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  1. #21
    niemiro's Avatar
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    Re: BSOD Analysis - Getting Started

    Quote Originally Posted by Deejay100six View Post
    Ok, I'm launching myself into learning about all this BSOD thing so I'm here to ask for guidance.

    I see that Jonathon King hasn't been active here for a while so if someone wants to suggest another thread for me to post in, fire away.

    I'll start from the beginning, downloading Windbg. I have always found this a little confusing, which link to click for the download? I did a reinstall of Windows 7 a few weeks ago so had to download Windbg again but I think I somehow ended up with the Windows 8 version. I've removed it with Revo so now I should be starting from scratch.

    I downloaded from this link; Download Microsoft Windows SDK 7.1 from Official Microsoft Download Center

    So far, so good. Now, when I try to install it, I get this message;

    Attachment 2947

    Do I need to install .net framework 4 or is it already installed? The wording of the message seems somewhat contradictory.
    Hello :)

    The Windows 8 version is fine. The fact that it is the Windows 8 version means that it is newer than the Windows 7 version you found. It effectively means "Windows 8 and below" vs "Windows 7 and below". Therefore, the "Windows 8 and below" is newer, and potentially better. Windows Software Development Kit (SDK) for Windows 8

    The FAQ supports this:

    The installation of the Windows SDK is supported on the following operating systems:

    • Windows 8
    • Windows Server 2012
    • Windows 7
    • Windows Server 2008 R2
    So, surprisingly, not Vista. But anyway, you have Windows 7.

    That is the one you want. Make sure to check "Debugging Tools for Windows" when you install it, as it isn't checked by default. In addition, unless you are a programmer, you are unlikely to need any of the other stuff. It will just take up space on your hard disk unnecessarily. You can always come back later to install the extra bits it if needs be.

    Finally, the .net Framework error is saying that you have the Client Profile copy of .net 4, but not the Full version of .net 4. The Client Profile is a stripped down version of .net, so you *do* have .net 4, but you don't have ALL of .net 4. I think you are unlikely to meet this error again if you choose just Debugging Tools for Windows, but if you do, download and install this first: Download Microsoft .NET Framework 4 (Web Installer) from Official Microsoft Download Center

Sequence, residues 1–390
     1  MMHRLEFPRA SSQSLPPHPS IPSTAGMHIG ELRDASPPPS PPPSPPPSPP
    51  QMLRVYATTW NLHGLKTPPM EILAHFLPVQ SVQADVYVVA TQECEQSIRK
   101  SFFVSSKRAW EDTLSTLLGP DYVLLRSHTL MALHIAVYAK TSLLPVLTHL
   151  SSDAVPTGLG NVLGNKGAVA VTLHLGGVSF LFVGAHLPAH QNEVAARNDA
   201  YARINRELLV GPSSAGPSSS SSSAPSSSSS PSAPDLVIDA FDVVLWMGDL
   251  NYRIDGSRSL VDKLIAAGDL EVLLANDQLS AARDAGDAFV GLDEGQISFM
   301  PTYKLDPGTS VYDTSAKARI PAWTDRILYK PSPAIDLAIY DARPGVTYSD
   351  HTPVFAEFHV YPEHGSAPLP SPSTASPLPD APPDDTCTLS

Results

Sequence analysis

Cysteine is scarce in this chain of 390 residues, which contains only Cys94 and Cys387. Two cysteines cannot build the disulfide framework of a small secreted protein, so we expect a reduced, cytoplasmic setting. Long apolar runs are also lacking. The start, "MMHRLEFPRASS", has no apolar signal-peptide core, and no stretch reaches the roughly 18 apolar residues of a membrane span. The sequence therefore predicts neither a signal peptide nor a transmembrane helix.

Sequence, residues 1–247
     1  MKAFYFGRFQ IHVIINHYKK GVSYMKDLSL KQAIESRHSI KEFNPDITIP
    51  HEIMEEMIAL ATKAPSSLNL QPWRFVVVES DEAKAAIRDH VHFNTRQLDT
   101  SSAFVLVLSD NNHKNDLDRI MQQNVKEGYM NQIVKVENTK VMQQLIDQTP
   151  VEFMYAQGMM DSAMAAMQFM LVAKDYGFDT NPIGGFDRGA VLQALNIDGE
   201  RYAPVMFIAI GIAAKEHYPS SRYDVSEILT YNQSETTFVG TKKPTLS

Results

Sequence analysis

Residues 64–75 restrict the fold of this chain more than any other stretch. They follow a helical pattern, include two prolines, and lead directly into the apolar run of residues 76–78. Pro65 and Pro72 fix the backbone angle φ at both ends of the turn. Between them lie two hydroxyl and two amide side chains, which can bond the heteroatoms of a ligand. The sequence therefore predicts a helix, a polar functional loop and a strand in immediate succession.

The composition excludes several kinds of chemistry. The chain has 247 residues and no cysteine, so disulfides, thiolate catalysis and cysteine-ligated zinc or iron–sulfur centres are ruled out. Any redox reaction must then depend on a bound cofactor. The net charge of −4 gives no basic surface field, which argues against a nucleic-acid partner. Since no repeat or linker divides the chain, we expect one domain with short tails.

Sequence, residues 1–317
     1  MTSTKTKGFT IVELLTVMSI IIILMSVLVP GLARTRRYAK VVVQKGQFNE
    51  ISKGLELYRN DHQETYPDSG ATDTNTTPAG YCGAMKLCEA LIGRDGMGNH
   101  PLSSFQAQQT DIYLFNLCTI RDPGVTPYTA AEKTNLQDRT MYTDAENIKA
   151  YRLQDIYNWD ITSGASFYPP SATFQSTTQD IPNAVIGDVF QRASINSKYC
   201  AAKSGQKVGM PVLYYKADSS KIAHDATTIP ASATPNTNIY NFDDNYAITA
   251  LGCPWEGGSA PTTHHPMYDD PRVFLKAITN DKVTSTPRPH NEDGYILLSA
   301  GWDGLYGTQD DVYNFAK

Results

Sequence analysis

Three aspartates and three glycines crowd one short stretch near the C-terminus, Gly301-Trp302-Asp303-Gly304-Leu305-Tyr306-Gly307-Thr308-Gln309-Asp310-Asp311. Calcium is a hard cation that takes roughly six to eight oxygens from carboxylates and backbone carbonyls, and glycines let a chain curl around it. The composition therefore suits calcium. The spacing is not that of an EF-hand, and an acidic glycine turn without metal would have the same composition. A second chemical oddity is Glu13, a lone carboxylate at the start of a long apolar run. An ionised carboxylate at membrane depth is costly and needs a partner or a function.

Good luck!

    Richard


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  2. #22
    Deejay100six's Avatar
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    Re: BSOD Analysis - Getting Started

    Thanks Richard. I may have another question as I had problems with the associating .dmp's with Windbg but I'll let you know if thats the case after I have reinstalled.

  3. #23
    niemiro's Avatar
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    Re: BSOD Analysis - Getting Started

    Quote Originally Posted by Deejay100six View Post
    Thanks Richard. I may have another question as I had problems with the associating .dmp's with Windbg but I'll let you know if thats the case after I have reinstalled.
    No problem :) Ask as many questions as you need to.

  4. #24
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    Re: BSOD Analysis - Getting Started

    These are the things that helped me get windbg working correctly:

    Download the necessary Windows Symbol packages: Download Windows Symbol Packages

    Create a new environment variable as follows:
    Code:
    _NT_SYMBOL_PATH=G:\Symbols\Win8X64;G:\Symbols\Win7X64;G:\Symbols\Win7X86;G:\Symbols\WinXPSP3;http://msdl.microsoft.com/download/symbols
    (I put mine on my G: drive thus the above, change to match your own setup)

    To associate .dmp files with windbg, Run 'C:\Program Files\Debugging Tools for Windows (x64)\windbg -IA' from a command line. Then you can double click on a .dmp to process it.
    Note: The path to windbg may be different for you if you have a 32 bit system.
    Rich